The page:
Dr. Surayya has totally ignored threats. "I have left everything to Allah. He will protect me to the last," she said. Her son, Mr. M. D. Nalappad, former editor of Mathrubhumi and former resident editor of the Times Of India in Bangalore, said that they received a number of threatening telephone calls, apparently from Hindu extremists. One caller threatened to kill her within 24 hours.

The support, love and compassion coming from the Muslim community overwhelmed her. "My feeling that Islam is a religion of love and compassion has been proved right. I have been getting calls from almost all the Muslim countries extending support to me ... My next foreign trip will be to Makkah. I want to kiss the soil in Madina," she said in another interview.

There have been some ludicrous allegations in the press that she was taking away the Hindu god Krishna from the Guruvayoor temple to make him Muhammad.

History stands as testimony to the fact that Islam was never spread by forcible means. Since Independence of India, thousands of people have embraced Islam without any compulsion. Rather, attempts were made and measures were taken to prevent people from accepting Islam. The threats to Dr. Kamala Das are not new happenings, but whosoever dares to abandon one's birth religion to embrace Islam has to confront them.

What brought Dr. Das to Islam was her desire to teach two blind Muslim children, Irshad Ahmed and Imtiaz Ahmed. She had to study Islamic scriptures before teaching them. One of them is now a professor in Darjeeling (Northeastern India) and the other is an attorney in London.

She plans to write poems on Allah. "Allah is the fountainhead of love and compassion," says Surayya. "I will write about that. I have already written three poems on Allah. I will write more soon and bring out a compilation before the end of next year."

She is against the Hindu practice of cremating the dead. "I do not want my body to be burnt. I do not want my successors to offer pindam (a ritual) and believe that after death, I will re-appear in the form of a crow," she asserts.

She also plans to learn more about the Qur'an and about the things that a good Muslim is expected to do. "I understand that a good Muslim should help others. I have been doing so and I am keen to continue it," she says. "I don't want to keep money. I want to give part of what I have earned to others. I would like to make this the religion of the new millennium. I will tell people the virtues of this religion and share the happiness I experienced after embracing Islam. I have no words to explain the contentment I feel now. I have never felt such happiness in my life. I feel loved and protected. I am an old person. I want this love and protection. Money cannot bring such happiness. I don't want money."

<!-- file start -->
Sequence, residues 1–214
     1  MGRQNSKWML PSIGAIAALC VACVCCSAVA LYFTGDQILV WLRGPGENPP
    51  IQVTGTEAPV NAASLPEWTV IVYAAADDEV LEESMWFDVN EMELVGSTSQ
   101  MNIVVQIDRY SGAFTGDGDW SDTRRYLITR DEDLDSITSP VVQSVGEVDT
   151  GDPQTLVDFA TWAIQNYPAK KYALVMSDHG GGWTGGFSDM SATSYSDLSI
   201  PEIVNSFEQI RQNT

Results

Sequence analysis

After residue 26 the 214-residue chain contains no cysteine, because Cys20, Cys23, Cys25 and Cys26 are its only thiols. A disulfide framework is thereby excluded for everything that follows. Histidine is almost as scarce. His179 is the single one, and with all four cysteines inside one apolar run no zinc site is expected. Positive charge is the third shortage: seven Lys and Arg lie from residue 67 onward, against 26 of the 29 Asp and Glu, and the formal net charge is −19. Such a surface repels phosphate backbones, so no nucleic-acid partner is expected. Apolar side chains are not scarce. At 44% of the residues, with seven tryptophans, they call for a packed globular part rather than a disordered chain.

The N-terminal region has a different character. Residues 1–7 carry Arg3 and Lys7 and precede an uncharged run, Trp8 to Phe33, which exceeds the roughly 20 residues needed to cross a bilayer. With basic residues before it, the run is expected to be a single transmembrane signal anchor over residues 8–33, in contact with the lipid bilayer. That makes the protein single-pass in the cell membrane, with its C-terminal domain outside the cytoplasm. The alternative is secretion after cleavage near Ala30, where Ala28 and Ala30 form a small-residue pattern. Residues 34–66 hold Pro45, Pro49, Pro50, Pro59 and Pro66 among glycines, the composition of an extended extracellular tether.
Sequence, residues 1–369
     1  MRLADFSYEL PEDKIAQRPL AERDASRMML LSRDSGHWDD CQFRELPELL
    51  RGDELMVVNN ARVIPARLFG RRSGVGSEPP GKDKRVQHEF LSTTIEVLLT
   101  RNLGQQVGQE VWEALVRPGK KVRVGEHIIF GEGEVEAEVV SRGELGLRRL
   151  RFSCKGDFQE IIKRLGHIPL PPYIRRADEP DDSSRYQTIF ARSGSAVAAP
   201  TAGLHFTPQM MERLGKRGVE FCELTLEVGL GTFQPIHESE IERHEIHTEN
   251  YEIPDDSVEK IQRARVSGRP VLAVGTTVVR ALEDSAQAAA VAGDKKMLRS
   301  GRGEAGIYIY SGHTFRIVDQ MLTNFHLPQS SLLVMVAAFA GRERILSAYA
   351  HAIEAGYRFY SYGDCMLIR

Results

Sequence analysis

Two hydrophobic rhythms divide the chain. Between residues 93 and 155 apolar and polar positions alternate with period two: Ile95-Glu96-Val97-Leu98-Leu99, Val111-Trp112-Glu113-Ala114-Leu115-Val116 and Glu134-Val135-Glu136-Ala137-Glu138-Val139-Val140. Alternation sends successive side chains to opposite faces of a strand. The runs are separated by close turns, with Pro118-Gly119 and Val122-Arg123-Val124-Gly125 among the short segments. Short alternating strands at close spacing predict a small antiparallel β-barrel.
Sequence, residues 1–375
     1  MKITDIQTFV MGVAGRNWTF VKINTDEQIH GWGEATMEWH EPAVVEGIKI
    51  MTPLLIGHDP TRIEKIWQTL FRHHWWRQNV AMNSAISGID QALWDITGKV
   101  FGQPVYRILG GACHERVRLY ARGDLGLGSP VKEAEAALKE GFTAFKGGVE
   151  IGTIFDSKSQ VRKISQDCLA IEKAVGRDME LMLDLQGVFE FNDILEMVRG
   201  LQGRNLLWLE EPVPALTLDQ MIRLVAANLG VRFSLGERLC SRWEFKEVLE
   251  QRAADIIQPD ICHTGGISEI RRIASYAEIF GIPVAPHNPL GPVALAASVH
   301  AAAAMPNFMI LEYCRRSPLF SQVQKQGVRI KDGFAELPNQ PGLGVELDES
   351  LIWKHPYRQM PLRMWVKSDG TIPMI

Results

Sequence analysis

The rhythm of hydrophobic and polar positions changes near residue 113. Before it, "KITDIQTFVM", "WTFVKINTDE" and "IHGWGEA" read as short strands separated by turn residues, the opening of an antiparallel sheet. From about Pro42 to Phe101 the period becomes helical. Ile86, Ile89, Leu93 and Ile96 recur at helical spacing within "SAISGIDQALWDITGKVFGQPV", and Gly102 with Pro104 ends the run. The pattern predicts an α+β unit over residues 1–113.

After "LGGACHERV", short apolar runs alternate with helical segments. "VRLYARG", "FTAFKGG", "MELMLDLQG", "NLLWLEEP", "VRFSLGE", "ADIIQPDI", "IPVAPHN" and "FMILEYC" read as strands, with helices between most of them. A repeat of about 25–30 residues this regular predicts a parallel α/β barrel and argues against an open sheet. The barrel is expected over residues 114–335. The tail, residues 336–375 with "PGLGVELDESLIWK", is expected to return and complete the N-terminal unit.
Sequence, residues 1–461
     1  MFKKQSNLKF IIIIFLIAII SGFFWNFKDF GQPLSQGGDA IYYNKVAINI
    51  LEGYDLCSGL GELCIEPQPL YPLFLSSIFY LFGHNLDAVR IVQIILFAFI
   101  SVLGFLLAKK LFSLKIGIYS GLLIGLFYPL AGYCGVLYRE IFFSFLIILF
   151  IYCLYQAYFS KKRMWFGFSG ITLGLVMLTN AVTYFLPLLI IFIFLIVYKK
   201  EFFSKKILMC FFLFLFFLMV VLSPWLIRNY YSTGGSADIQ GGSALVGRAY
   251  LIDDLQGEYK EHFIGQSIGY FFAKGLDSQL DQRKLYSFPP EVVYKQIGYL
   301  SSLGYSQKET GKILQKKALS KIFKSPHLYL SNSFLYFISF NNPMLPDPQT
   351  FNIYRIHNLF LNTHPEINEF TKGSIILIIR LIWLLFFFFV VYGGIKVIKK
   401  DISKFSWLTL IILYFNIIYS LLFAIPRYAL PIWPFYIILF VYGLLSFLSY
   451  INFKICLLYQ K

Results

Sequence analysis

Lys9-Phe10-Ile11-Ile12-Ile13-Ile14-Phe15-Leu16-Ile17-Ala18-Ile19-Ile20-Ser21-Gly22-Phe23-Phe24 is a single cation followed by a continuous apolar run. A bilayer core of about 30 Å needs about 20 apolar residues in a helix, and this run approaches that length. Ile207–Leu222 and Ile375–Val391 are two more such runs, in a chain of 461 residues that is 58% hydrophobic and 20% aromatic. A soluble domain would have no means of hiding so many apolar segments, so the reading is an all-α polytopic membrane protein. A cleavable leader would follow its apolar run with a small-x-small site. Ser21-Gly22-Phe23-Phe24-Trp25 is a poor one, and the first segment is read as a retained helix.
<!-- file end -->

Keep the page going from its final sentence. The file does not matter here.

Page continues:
A Profile of Dr. Kamala Das

Dr. Surayya was born in Kerala. Her mother was a famous poetess. Her father, Mr. V. M. Nair was the Managing Editor of two journals, Mathrubhoomi and Nalappat Balamani Amma. Her late husband, Mr. Madhava Das was a Senior Consultant for International Monetary Fund (IMF).

She had served as the Poetry Editor of the Illustrated Weekly of India, as the President of Kerala Children's Film Society, as chairperson of Kerala Forestry Board, and as the Orient Editor of Poet Monthly.

In addition to her numerous prominent works in Malayalam language, her works in English have also been honored. Summer in Culcutta, Alphabet of the lust, The Descendants, Old Play House and Collected Poems are some of her acclaimed works.

Ente Katha, written in Malayalam, has been translated into 15 foreign languages. One of her works received the Kerala Sahitya (Literary) Academy Award for short stories in 1969.

She was awarded Asian Poetry Prize in 1964 (for The Sirens), Kent Award in 1965 (for Summer in Calcutta), and Asan World Prize and Academy Award (for Collected Poems).

  Category: World Affairs
  Topics: India
Views: 2604